Fatherhood: The best job in the world

Once in awhile, I’m given a moment that you think only exists in the minds of movie screenwriters.

This is a story of my son, who is a born adventurer. He enters fantasy lands of action adventure in the valleys and tracks of our neighbourhood. He likes to make a path, not find one.

So we were camping some time ago by a lake, and behind the campsite was a mountain (a hill). My son, who was nine at the time, asked if I would join him on a hike up the mountain. I agreed.

He got his little backpack ready (flashlight, knife, some food and water) and we ventured up.

Now the hill seemed quite daunting as we started up. The vegetation was scratchy, the soil loose, and there was some talk of rattlesnakes. I was somewhat skeptical, but once I saw the copious sharp cacti and large rocks covering the ground, I became a bit more vigilant. I was particularly concerned about poison ivy and such, as I was in shorts……

I told my son to stomp up and down as he hiked, and watch where he was stepping, lest he stick his foot into a cactus or worse.  I guided him to the ridges, where the vegetation was less dense than the valleys. We observed some strange insects, and I pointed out lichens growing on the rocks. I told him to beware of purple coloured berries, and we looked out for animal droppings.

The gradient steepened and we had been hiking for a good 30 minutes and he was tiring. I said “Only a little bit further over the first hump, and we’ll see how much more we need to go to the top.” He said OK. I took his backpack from him, and we kept going.

Sure enough, we could now see the summit, it seemed reachable, within our grasp.

As we got to the top, we turned around to see the path and distance we had taken, and were quite happy with ourselves.  I started singing the Rocky theme and together we punched our fists in the air. We called out below, waving our arms. No one heard. But we smiled together.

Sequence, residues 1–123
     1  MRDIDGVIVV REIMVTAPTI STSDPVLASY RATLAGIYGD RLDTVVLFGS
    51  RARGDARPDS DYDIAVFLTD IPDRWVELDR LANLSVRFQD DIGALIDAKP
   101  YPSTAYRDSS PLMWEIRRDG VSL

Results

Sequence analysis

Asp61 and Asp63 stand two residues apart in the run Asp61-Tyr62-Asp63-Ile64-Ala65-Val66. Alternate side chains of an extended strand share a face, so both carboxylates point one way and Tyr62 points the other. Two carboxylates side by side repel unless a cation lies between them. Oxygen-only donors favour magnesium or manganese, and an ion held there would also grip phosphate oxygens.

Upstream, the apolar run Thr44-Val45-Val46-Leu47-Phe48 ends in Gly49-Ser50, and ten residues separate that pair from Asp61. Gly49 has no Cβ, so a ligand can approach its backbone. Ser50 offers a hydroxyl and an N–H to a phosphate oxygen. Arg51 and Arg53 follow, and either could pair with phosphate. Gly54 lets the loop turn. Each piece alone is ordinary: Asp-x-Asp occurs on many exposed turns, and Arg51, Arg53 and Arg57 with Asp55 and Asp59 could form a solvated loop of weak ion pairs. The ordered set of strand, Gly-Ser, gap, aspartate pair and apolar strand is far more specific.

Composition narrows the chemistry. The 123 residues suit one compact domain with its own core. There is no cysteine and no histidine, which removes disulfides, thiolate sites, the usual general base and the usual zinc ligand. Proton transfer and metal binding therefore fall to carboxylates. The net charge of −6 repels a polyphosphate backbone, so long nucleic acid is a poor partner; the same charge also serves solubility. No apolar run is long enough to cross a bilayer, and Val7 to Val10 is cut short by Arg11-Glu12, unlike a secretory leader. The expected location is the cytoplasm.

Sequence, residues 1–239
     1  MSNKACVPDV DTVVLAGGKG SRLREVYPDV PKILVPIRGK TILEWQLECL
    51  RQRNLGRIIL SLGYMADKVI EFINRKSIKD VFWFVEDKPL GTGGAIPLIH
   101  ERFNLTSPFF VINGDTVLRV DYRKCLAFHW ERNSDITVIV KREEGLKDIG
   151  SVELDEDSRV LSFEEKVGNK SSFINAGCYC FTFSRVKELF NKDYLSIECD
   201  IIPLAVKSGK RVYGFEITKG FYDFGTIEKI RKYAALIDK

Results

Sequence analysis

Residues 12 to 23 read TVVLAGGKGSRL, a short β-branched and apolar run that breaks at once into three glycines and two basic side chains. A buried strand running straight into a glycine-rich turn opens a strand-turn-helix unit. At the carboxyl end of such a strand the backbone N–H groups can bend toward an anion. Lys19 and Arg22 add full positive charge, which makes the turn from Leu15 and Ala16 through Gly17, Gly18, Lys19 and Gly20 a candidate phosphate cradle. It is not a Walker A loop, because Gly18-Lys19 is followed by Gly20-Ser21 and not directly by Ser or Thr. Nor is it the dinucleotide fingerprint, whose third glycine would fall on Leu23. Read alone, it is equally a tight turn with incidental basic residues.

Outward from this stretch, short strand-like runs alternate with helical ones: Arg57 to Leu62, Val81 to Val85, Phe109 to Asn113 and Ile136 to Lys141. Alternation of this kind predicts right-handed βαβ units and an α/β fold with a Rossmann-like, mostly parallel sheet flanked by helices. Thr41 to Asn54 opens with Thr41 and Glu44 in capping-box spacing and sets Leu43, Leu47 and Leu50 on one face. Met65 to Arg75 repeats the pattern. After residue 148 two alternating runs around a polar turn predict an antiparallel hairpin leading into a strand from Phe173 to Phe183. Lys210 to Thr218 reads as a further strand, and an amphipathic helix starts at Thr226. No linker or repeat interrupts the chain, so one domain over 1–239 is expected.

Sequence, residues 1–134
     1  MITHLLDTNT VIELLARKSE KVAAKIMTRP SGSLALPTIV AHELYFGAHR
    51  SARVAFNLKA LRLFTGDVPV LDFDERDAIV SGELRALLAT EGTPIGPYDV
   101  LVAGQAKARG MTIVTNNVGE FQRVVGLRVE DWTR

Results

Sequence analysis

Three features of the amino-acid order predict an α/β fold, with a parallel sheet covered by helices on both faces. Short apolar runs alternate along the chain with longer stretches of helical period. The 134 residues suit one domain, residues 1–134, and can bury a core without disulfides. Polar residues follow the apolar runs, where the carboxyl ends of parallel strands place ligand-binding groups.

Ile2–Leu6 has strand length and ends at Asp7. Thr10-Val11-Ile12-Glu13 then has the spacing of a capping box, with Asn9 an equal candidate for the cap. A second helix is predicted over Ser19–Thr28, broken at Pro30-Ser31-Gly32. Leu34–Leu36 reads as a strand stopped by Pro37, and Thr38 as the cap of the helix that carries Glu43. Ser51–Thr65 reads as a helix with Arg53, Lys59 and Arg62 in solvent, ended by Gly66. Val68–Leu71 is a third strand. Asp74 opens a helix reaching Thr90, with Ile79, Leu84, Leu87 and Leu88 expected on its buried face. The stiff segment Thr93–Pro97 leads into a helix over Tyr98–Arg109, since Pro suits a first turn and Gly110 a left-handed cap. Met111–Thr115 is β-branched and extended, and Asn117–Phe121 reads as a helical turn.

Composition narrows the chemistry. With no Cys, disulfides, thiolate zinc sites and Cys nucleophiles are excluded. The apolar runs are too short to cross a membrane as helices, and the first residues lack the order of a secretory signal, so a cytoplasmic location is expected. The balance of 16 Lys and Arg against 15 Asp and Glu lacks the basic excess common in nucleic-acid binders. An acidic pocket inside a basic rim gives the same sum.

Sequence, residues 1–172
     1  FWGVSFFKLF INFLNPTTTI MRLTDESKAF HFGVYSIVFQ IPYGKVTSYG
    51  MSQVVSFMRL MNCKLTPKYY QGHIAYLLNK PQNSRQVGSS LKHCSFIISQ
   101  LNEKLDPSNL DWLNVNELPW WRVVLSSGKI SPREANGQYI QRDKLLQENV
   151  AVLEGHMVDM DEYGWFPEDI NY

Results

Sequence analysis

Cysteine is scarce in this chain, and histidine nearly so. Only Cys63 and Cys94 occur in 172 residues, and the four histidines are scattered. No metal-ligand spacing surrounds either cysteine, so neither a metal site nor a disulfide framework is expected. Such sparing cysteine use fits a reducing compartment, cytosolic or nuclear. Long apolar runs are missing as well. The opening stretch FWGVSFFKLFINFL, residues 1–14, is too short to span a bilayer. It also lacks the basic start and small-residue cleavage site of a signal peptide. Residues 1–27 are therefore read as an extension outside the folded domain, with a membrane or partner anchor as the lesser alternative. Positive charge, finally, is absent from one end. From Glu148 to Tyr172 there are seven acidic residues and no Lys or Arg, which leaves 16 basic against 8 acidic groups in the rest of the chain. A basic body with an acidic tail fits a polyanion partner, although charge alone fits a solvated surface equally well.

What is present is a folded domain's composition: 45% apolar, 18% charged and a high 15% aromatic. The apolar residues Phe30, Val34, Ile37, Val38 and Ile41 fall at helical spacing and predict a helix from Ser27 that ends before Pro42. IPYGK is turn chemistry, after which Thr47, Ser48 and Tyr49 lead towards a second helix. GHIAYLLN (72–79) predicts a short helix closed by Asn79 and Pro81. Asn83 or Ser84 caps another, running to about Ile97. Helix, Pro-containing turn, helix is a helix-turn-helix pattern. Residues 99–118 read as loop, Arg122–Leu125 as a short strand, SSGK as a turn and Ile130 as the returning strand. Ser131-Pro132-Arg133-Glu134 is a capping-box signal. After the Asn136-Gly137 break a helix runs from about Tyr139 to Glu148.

We peered over the edge of the summit, to the steep valleys below. I held onto him, steadied his footing.

“It’s a long way down, Dad.” he said quite seriously. I nodded.

As we descended, my son led the way, chose the path, warned me of upcoming cacti and other dangers and half-way down, we had a water break. I told him going down a hill is faster, but that an accident going down was harder to control, and to lower his centre of gravity.

We sat on a large rock, shared a drink of water, and my son turned to me:

“Dad. You know how you showed me what to watch out for, be careful of, which path to take?”

I nodded.

“And you kept me going, and encouraged me to get to the top, and to keep going?”

I started getting a sense, but what came out of his mouth, took me aback.

“And you told me what’s different about going up and going down?

He paused.

“Is that what you do Dad? Encourage me. Teach me. Help me? To know how to get somewhere? Point out what to watch out for? Is that what you do Dad?”

The breeze from the lake was blowing his hair gently, and I looked at his wonderful, curious, loving eyes.

And with a hint of a tear in my eye, I hugged him.

“Yes, son. That’s what a Dad does.  And that’s what I’ll do for the rest of my life.”

He leaned into me for a moment, broke away and stood up.

“C’mon Dad. This way.” he said with a smile.

Life is better than the movies.

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